For the leaf wetness I'll try with the rain sensor but... I need some autonomous energy system for it will sleep outside...


  • Mod

    @hek @epierre What exactly is a 'leaf wetness sensor' and in what does your link differ from e.g. http://www.dx.com/p/cg05sz-063-rain-sensor-for-arduino-black-silver-works-with-official-arduino-boards-266534#.VAv7_FV_v7s ?


  • Admin

    @Yveaux

    http://en.wikipedia.org/wiki/Leaf_wetness

    Probably just a calibration/quality thing. The technique/principle is probably the same.


  • Mod

    @hek OK thanks.
    Reading this I think there also is a very close relation to humidity sensor readings. Would be nice to see the readings of both next to each other!


  • Hero Member

    @Yveaux @hek I've forked to its own post: http://forum.mysensors.org/topic/352/leaf-wetness

    I'll try to add things following mysearches and experiments


  • Hero Member

    @hek

    http://www.cooking-hacks.com/lipo-rider-pro
    http://www.cooking-hacks.com/shop/arduino/converters/5v-regulator-module-for-arduino
    http://www.cooking-hacks.com/7-4v-lipo-2200mah-battery-arduino-power-jack
    they have the same at spark.io (hardware cum software like mysensors, same radio different core) :
    http://docs.spark.io/shields/#battery-shield

    The battery shield is a LiPo battery charger and voltage regulator combined into one. You can use it to power your Core with any 3.7V LiPo battery and charge it at the same time via the USB port. The shield is built around Microchip's MCP73871 battery charge management controller and TI's TPS61200 boost converter for up converting 3.7V to 5.0V.
    

    There are plenty of 3.7V lipo batteries on ebay.com ...


  • Admin

    @epierre said:

    http://docs.spark.io/shields/#battery-shield

    Moustache shaped LiPo charger. Hmm.. 😉

    The lipo-rider looks good, but there's mostly the older version on ebay. They seem to have switched JST-connector-version between their rider-revisions.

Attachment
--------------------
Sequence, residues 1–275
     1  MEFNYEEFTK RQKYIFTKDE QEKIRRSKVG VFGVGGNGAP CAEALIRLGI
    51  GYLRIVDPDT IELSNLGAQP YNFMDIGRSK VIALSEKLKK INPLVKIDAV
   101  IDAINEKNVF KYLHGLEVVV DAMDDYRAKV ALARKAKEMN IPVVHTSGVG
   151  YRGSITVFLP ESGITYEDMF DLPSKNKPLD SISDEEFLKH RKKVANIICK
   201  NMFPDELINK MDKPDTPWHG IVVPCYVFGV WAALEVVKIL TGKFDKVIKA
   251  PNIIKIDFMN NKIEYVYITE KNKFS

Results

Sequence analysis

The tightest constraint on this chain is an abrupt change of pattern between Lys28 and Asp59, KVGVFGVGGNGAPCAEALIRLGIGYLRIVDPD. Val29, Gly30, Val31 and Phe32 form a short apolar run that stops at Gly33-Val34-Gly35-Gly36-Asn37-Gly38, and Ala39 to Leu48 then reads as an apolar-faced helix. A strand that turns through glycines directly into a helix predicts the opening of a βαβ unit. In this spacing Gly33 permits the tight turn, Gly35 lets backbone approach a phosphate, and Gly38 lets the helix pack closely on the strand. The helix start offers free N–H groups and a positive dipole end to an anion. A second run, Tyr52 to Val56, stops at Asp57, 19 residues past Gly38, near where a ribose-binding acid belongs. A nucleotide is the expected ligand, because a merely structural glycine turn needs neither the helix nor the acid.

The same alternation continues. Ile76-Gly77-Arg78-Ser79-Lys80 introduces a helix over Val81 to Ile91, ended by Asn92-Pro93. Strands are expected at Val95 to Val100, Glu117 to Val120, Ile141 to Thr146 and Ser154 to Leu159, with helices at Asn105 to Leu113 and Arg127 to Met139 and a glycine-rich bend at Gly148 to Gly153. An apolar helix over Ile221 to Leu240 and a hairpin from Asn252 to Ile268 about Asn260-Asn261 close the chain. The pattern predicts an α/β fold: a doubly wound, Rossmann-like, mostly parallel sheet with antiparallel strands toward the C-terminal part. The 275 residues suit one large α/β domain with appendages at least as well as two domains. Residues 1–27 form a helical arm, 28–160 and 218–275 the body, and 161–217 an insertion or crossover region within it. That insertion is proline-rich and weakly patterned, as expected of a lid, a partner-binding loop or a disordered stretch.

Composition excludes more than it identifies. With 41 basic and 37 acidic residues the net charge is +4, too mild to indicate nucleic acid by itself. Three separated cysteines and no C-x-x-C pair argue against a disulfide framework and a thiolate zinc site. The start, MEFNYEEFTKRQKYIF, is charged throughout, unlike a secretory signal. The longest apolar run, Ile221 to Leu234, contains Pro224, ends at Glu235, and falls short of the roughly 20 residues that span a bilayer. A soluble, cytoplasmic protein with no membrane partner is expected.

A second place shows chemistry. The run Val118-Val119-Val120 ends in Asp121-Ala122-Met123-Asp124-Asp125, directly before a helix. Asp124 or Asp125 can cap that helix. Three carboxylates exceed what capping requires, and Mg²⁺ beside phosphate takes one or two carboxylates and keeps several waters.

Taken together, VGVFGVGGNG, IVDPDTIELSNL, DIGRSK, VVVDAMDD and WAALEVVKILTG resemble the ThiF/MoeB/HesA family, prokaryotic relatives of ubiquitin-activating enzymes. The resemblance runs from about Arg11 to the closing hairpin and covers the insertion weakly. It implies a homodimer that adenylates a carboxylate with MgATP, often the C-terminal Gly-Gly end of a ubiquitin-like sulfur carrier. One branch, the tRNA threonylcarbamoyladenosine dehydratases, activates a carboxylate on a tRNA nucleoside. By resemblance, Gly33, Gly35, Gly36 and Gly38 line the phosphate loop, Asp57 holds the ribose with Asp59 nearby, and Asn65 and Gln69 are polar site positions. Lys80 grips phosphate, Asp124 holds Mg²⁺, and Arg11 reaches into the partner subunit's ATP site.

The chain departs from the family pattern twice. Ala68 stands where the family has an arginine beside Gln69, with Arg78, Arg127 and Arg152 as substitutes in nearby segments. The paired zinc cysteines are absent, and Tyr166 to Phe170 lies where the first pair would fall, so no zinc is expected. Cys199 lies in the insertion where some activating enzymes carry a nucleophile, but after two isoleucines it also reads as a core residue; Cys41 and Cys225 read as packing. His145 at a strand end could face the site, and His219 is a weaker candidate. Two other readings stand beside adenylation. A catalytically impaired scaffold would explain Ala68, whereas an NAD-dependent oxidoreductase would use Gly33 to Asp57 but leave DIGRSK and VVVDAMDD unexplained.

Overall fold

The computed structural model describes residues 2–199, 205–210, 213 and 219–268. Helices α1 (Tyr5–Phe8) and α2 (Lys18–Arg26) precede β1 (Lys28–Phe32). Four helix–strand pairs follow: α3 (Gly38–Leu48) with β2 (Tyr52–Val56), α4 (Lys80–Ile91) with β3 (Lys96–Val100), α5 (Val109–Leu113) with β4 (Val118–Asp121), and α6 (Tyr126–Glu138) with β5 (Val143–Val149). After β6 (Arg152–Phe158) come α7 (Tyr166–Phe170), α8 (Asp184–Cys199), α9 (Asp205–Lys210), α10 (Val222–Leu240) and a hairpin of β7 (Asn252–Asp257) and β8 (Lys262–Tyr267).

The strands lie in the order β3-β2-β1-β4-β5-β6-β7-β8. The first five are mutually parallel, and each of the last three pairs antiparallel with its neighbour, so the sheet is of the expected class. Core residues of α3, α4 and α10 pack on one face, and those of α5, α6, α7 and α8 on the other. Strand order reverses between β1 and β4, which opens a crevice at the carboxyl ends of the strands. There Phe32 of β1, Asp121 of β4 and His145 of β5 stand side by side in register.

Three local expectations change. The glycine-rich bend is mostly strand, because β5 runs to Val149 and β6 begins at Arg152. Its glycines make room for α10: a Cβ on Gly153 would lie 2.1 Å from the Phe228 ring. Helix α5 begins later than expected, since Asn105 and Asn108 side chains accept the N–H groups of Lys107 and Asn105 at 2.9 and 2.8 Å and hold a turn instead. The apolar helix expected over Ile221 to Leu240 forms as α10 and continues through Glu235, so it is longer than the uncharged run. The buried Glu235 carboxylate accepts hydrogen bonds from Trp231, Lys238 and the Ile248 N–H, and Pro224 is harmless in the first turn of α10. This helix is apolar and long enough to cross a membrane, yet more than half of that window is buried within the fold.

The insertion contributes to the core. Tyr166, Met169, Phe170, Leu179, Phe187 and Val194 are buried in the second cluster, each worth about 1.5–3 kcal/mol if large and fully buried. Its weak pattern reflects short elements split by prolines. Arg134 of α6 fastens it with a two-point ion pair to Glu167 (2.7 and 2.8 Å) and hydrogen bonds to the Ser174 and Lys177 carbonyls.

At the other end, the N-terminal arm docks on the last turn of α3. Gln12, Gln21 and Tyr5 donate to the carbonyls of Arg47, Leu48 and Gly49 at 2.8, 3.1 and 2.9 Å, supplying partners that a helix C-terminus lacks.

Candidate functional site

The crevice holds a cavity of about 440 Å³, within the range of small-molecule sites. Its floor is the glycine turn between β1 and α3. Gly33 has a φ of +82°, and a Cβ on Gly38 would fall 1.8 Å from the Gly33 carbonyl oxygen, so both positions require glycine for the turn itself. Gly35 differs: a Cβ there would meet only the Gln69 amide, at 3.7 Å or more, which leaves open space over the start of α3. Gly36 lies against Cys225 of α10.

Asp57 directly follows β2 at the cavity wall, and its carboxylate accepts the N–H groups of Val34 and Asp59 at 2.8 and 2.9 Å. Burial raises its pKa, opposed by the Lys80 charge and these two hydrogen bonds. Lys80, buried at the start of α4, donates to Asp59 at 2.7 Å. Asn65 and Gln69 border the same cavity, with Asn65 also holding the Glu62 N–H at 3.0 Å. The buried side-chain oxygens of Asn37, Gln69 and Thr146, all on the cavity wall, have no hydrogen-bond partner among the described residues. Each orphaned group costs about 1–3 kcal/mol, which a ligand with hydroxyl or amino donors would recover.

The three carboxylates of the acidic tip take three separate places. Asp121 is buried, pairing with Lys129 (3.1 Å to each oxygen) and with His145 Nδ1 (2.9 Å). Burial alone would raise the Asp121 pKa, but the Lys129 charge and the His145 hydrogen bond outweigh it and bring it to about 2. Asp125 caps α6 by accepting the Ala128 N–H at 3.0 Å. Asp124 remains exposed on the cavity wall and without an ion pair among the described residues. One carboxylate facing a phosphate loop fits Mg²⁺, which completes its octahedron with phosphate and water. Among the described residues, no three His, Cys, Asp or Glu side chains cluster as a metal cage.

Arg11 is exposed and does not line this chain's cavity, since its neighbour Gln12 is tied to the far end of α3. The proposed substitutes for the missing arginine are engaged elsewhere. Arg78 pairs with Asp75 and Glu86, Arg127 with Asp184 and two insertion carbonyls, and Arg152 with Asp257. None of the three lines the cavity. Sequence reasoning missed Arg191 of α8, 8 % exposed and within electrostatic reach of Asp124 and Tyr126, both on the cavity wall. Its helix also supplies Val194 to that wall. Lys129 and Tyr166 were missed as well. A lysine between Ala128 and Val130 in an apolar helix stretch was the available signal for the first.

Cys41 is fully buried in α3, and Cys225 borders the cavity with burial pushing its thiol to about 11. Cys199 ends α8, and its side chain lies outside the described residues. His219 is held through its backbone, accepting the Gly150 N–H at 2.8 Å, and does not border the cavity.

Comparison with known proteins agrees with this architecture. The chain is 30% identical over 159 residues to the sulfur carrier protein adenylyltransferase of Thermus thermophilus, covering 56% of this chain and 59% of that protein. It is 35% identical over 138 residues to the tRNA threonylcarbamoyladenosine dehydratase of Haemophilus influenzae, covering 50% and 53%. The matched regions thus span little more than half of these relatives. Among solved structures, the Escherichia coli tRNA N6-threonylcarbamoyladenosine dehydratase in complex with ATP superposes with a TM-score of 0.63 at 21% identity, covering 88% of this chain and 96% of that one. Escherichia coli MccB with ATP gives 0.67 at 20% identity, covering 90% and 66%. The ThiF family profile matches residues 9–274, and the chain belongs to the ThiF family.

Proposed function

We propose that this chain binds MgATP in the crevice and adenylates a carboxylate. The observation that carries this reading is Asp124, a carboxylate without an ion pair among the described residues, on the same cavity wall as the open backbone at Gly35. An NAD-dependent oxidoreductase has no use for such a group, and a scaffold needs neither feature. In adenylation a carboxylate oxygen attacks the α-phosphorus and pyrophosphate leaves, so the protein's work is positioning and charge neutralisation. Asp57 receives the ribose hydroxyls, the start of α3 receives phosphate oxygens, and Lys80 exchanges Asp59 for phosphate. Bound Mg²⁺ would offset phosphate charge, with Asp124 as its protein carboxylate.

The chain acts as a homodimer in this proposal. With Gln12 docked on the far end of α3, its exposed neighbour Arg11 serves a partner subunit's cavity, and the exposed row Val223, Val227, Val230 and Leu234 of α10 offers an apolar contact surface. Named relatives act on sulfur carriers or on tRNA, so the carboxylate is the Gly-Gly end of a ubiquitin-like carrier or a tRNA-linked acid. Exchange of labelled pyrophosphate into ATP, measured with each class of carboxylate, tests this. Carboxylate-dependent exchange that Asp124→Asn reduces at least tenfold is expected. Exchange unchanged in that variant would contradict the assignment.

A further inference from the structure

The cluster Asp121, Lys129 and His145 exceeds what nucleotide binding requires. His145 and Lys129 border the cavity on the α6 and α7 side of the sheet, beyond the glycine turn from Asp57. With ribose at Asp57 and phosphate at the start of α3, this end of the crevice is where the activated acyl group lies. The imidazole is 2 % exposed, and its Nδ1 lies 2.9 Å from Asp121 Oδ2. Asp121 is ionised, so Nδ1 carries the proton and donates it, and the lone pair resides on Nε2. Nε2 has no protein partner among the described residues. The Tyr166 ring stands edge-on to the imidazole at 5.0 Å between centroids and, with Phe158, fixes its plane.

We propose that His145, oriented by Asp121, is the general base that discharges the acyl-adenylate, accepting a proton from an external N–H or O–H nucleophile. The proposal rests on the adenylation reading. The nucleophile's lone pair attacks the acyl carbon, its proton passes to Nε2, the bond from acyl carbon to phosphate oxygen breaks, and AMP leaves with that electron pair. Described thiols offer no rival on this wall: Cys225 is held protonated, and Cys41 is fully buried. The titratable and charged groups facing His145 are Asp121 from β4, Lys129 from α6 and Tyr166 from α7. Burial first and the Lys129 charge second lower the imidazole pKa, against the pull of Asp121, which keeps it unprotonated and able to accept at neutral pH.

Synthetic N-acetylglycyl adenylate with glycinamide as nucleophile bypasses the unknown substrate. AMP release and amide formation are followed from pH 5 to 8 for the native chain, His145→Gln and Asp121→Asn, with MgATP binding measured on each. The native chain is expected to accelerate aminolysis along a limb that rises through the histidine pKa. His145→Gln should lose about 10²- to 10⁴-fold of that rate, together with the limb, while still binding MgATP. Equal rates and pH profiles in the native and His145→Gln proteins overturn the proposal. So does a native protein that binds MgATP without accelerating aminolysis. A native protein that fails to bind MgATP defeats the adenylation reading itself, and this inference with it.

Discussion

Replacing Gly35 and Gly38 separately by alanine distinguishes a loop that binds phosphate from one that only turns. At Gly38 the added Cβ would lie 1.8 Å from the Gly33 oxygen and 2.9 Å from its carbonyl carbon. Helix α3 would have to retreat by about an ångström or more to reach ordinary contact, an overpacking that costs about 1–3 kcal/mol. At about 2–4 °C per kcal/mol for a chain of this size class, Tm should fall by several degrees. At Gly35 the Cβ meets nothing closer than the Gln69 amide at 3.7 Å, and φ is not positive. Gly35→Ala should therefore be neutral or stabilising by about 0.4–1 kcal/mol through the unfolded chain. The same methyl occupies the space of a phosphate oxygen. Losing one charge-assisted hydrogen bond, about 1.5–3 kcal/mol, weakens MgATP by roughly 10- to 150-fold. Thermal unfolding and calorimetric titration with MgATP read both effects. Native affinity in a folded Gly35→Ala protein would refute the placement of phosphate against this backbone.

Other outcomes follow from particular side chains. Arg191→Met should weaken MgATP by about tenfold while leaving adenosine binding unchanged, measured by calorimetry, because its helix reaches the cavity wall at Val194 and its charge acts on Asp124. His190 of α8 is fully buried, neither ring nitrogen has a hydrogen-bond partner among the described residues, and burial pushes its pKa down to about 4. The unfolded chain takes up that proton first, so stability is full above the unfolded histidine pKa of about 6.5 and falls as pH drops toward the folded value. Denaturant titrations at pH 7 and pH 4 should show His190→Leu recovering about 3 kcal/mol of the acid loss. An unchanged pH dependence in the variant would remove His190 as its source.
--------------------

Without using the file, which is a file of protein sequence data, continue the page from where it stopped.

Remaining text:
It is still hard to recommend LiPo batteries from ebay without doing some tests on them. I wouldn't use any without protection as they might explode if you use/charge them wrong.


  • Hero Member

    @hek sadly I'm not expert at all on this to test them...



  • Because discussion is going to different direction than topic could any of you clarify what exactly I will need to power those 5.0v mini pro. I'd like to order parts to get them this month 🙂


  • Hero Member

    A tested and trustworthy Li-Ion battery supplier could be a good thing. I'm glad @hek is waiting to know something about a vendor before suggesting them, they do need to be vetted.

    From what I've read, there are a lot of cheap rebuilt ones out there. Some may just substantially exaggerate the capacity but do work OK, some won't last long. And of course, they are more dangerous than most of our components. You can't tell what you are getting from the outside and many vendors take advantage of that so there are a lot of fakes out there.

    A good source for info is the flashlight lover sites like http://candlepowerforums.com


  • Hero Member

    @ddluk said:

    2x1.5V AA batteries and use step up converter to get from 3.0v -> 5.0v
    4x1.5V AA batteries and use step down converter to get from 6.0v -> 5v

    Let me try again on this one. The answer depends on what else you need to power (assuming that you feed Vcc without using the onboard regulator).. Like do you have any other 5V devices (eg: sensors, actuators), and/or any 3.3v devices (eg: sensors, radios).

    If you need regulated 3.3v,and you want to sleep to save battery, I'm becoming attracted to the idea of 3c 1.5v alkaline and MCP1700 linear regulator. When your duty cycle is low, the efficiency of the regulator under load for short periods becomes less important to battery life than the quiescent current of the regulator (and the sleep mode of the processor and other devices).